- Number of zeroes/roots of a polynomial p(x) is always equal to or less than the degree of polynomial p(x).
- If a polynomial p(x) is divided by (x — a), then remainder will be p(a) = r.
- If a polynomial p(x) is divisible by (x — a), then p(a) = O.
RD Sharma Class 10 Solutions Chapter 3
- Linear equation: An equation of the form ax + by + c = O, where a, b, c all are real numbers and a ≠ 0, b ≠ 0, is known as a linear equation in two variables x and y. Its graph is always a straight line.
- System of Simultaneous Linear Equations: A pair of linear equations in two variables a1x + b1y + c1= 0 and a2x + b2y + c2= 0 is said to form a system of simultaneous linear equations, where a1, a2, b1, b2, c1, c2 are real numbers.
- A pair of values of x and y which satisfy each of the equations is called a solution or root of the system.
- If the system has at least one solution, it is called consistent and if the system has no solution, it is called inconsistent.
- A pair of linear equations in two variables can be solved by the :
Graphical method— To solve a pair of linear equations in two variables by Graphical method, we first draw the lines represented by them.
- If the pair of lines intersect at a point, then we say that the pair is consistent and the coordinates of the point provide us the unique solution.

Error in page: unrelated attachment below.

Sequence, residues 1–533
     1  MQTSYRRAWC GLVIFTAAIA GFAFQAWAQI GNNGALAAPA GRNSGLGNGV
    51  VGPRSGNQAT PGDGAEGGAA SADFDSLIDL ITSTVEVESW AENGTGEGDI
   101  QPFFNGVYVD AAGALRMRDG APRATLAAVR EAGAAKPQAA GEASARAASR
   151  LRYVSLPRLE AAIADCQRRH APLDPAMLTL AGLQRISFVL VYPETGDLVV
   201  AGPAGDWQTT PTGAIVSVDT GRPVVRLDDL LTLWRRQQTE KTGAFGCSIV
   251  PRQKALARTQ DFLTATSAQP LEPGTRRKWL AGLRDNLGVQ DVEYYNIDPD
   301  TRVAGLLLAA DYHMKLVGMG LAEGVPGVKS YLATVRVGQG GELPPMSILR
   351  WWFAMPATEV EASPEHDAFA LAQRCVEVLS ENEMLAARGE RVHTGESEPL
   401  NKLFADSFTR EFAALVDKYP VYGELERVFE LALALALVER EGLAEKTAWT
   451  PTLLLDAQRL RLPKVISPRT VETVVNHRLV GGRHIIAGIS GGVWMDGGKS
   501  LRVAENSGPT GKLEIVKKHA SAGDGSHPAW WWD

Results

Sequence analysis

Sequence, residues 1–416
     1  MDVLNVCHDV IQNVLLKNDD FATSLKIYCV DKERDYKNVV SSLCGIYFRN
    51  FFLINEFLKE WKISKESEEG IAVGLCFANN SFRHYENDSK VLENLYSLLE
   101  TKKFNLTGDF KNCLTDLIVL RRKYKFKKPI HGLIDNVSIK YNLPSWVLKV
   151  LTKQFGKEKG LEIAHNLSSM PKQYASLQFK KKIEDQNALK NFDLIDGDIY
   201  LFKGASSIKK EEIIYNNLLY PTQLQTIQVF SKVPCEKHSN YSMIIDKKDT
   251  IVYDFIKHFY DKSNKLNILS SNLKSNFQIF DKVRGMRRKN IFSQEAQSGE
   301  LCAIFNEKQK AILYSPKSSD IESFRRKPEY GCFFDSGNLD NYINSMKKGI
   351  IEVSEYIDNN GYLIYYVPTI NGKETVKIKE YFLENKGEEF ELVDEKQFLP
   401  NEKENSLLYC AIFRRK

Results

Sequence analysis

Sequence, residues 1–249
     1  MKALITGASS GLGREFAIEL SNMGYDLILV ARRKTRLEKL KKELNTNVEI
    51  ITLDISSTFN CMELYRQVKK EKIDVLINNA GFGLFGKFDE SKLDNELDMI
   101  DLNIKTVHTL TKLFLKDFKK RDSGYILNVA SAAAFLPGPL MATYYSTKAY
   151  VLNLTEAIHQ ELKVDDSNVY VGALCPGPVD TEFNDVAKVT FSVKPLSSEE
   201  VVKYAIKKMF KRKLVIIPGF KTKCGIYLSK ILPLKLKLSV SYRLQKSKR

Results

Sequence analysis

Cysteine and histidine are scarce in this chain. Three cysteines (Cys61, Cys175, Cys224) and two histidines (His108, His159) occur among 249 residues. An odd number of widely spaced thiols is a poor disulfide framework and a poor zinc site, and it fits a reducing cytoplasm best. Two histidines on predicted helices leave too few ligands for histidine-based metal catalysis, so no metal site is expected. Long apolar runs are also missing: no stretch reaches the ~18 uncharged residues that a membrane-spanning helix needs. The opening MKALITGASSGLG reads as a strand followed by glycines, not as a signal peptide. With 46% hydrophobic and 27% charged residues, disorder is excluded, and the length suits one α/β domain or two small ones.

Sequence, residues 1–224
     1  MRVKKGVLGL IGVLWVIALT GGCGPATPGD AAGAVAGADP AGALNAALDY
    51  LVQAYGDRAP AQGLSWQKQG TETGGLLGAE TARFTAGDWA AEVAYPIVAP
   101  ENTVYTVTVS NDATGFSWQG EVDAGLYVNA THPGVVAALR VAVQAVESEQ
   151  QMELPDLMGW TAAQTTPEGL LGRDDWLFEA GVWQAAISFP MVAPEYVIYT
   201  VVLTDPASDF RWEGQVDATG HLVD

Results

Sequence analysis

- If the pair of lines are parallel, then the pair has no solution and is called inconsistent pair of equations.
- If the pair of lines are coincident, then it has infinitely many solutions-each point on the line being of solution. In this case, we say that the pair of lines equations is consistent with infinitely many solutions.
- Algebraic method—To solve a pair of linear equations in two variables algebraically, we have (i) Substitution method (ii) Elimination method (iii) Cross-multiplication method.
RD Sharma Class 10 Solutions Trigonometric Identities
- Trigonometrical Identity: An equation, involving trigonometric ratios of ane angle and which is true for all values of the angle, is called a trigonometrical identity.
- While solving the trigonometric identities, keep in mind the necessary algebraic identities and learn using them properly. Practise thoroughly how to use the algebraic expressions in solving the trigonometric identities.